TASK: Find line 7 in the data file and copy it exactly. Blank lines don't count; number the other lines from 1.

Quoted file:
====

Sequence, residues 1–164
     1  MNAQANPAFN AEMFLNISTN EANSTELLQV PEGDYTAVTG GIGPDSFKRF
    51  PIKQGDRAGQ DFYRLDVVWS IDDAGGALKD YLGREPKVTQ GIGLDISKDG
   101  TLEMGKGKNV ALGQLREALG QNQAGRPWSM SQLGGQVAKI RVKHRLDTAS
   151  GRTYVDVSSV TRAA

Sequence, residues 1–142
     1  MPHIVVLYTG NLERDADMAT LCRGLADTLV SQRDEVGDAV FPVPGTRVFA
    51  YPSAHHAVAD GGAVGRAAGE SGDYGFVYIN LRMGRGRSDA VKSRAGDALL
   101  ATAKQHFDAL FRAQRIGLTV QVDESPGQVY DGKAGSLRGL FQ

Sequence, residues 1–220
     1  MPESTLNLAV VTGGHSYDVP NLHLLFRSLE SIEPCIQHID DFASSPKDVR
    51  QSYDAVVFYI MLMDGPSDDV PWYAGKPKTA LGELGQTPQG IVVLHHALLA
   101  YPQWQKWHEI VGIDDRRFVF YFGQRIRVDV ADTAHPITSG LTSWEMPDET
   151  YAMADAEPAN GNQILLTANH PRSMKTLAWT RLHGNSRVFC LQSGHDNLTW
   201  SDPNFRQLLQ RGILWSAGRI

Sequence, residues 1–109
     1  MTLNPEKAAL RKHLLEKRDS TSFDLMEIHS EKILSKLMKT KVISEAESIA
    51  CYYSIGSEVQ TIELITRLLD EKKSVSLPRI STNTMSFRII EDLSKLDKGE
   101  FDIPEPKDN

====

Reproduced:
     1  MPHIVVLYTG NLERDADMAT LCRGLADTLV SQRDEVGDAV FPVPGTRVFA